J. L. BELL is a Massachusetts writer who specializes in (among other things) the start of the American Revolution in and around Boston. He is particularly interested in the experiences of children in 1765-75. He has published scholarly papers and popular articles for both children and adults. He was consultant for an episode of History Detectives, and contributed to a display at Minute Man National Historic Park.

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Monday, January 21, 2019

“Five field Officers, to enquire into the circumstance of the Riot”

The morning after the fight between British army officers and town watchmen that I reported yesterday, the higher authorities swung into action.

That morning six selectmen met at Faneuil Hall: John Scollay, John Hancock, Thomas Marshall, Samuel Austin, Oliver Wendell, and John Pitts. The record of that session says: “Mr. [Benjamin] Burdick & other Constables of the Watch, appeared and complained to the Selectmen of great abuses received from a number of officers of the Army, the last Night.”

The selectmen must have asked the watchmen to produce sworn testimony because that afternoon “Mr. Isaac Pierce, Mr. Joseph Henderson & Mr. Robert Peck & Mr. Constable Burdick gave in their Depositions.”

Gov. Thomas Gage, who was also the general in charge of the soldiers, took steps the same day—a politic move to calm the town. Lt. John Barker wrote in his diary, “A court of Enquiry is order’d to set next Monday, consisting of five field Officers, to enquire into the circumstance of the Riot.”

The prospect of punishment might, however, have made some officers more resentful. The merchant John Andrews wrote on 22 January:
The Officers’ animosity to the watch still rankling in their breast, induc'd two of them to go last night to the watch house again at about 10 o’clock and threaten the watch that they would bring a file of men and blow all their brains out.

The watch thereupon left their cell and shut it up, and went and enter’d a complaint to the Selectmen—some of whom waited on the Governor at about 12 o’clock, who was very much vex’d at the Officers’ conduct, and told the Gentlemen that he had got the names of three that were concern'd in Fryday night’s frolick, and was determin’d to treat them with the utmost severity—and likewise order’d a guard to patrole through every street in town and bring every officer to him that they should find strolling or walking.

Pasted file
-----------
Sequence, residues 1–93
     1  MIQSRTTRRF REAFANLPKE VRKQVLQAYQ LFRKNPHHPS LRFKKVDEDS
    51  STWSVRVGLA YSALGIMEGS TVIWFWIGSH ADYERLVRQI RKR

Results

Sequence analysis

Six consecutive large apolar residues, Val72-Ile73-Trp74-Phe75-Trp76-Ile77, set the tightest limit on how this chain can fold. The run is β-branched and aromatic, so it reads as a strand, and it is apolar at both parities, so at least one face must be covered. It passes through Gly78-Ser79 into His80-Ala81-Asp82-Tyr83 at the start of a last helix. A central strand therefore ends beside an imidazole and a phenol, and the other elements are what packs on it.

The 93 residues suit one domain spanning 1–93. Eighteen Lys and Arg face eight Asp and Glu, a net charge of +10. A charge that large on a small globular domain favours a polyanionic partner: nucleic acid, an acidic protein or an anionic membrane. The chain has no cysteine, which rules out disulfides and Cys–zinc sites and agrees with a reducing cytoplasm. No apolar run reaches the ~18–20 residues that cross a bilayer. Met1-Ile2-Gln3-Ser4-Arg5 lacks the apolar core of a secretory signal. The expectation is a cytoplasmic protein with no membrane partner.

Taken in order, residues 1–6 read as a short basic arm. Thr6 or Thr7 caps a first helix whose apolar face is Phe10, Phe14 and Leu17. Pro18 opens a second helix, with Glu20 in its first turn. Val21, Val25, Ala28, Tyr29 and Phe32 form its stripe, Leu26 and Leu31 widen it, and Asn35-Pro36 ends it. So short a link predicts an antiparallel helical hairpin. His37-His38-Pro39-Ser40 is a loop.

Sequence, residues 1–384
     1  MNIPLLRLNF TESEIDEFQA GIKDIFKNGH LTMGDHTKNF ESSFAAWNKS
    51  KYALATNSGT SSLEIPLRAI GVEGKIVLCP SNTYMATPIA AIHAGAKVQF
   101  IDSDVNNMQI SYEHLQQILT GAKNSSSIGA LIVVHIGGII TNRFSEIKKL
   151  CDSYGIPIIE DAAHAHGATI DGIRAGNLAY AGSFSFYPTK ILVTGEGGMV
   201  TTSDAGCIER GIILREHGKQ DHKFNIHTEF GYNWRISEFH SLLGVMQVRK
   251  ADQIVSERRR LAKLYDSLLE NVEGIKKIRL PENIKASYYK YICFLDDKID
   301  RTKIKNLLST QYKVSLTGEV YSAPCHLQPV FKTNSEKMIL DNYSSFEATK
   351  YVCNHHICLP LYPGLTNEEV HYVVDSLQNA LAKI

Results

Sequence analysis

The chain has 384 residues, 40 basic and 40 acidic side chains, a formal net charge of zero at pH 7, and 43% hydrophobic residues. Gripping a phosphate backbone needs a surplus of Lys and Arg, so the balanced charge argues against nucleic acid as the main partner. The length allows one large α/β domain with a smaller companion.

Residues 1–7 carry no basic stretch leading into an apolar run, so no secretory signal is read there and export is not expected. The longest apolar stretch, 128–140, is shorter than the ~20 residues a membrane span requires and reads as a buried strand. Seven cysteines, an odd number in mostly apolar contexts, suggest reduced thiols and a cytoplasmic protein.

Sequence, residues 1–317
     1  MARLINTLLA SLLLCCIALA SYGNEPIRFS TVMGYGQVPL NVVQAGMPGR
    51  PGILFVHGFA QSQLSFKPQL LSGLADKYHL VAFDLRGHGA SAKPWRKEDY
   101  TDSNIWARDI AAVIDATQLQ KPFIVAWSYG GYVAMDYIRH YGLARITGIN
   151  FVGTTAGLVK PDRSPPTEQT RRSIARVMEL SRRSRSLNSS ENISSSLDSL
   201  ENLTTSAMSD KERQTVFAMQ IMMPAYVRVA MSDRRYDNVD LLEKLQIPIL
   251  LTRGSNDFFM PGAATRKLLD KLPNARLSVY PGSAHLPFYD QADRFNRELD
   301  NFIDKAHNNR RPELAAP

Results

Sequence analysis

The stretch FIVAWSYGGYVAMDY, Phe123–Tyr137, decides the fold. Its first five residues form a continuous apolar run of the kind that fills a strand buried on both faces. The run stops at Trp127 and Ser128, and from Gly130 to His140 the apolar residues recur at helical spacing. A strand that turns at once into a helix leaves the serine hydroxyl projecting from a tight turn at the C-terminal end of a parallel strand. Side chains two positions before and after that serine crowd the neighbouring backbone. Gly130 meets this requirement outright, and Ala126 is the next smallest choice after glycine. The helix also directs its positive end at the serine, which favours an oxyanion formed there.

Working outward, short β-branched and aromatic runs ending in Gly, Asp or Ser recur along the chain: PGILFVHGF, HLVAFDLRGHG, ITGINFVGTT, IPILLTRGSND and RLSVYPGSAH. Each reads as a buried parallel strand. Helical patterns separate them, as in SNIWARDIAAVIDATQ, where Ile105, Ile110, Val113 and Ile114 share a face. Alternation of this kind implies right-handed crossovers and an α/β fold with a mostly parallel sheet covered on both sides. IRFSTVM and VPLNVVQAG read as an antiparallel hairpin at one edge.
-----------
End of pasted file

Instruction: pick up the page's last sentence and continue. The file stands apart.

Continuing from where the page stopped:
Fortunately, the 22nd was a Sunday, so nobody really expected to be out having fun in Boston, anyway.

On Monday, 23 January, the court of enquiry met. It was headed by Lt. Col. George Maddison of the 4th regiment, with two other lieutenant colonels and two majors on the bench. They took testimony every day from Monday to Saturday, according to records in Gen. Gage’s files.

Barker wrote, “it is supposed it will be a tedious affair, and will not be finished for some time.” Andrews also reported:
Yesterday the Officers were all examin’d at the New Court house, respecting fryday night’s affair, being carried there under arrest, nine in number (after which the General is to deal with them): being a great number of evidences they were oblig’d to adjourn till [to] day.
The list of witnesses included:
  • five army captains, including Hugh Maginis of the 38th, who had fought with the watch back in November.
  • twelve lieutenants from the army and Marines, including Gage’s aide de camp Harry Rooke; Lt. House of the 38th, who had sustained a cut on his forehead; William Pitcairn of the Marines, son of the major commanding that unit; and William Sutherland of the 38th, who would later leave a detailed report on the Battle of Lexington and Concord.
  • seven ensigns, including Ens. King of the 5th, whose sword had been taken.
  • a sergeant and at least five privates.
  • “Mr. Winslow,” who had been escorting Lt. Gov. Thomas Oliver’s wife Elizabeth home from “Mr. Vassall’s,” probably her brother, John Vassall.
  • watchman William McFadden.
  • “Thomas Ball Esqr. late Capt. in the Royal Irish Regt. of Foot,” who testified that townspeople were yelling at the soldiers to fire.
At the start of the inquiry John Andrews had high expectations: ”the Captain of the Guard [John Gore] at least will be broke, for being drunk when on duty.”

Meanwhile, some of the town’s justices of the peace held their own hearings.

TOMORROW: The magistrates’ findings.


Charles Bahne said...

This is January 1775, right? So we have Cambridge residents Thomas Oliver and John Vassall living in exile in Boston, following the powder alarm of September 1774. They seem to have resumed their social life, though.

Paul Vinson said...

This blog & content is a great gift. I'm a researcher and continuously looking for additional Samuel Adams materials, which are generally quite difficult to obtain.

With gratitude,

J. L. Bell said...

Yes, Charlie, Thomas Oliver moved into Boston the night after the Powder Alarm of 2 Sept 1774, and his family was with him within a couple of days. John Vassall and his family followed by the end of the month. They didn't realize they'd never see their Cambridge homes again.

Since Thomas Oliver and John Vassall had married each other's sisters and lived close to each other, the families were intimately connected. So it's not clear whether Elizabeth Oliver's visit to her brother and (twice over) sister-in-law was part of a formal social affair or just familial.

J. L. Bell said...

Thanks for your kind words, Paul.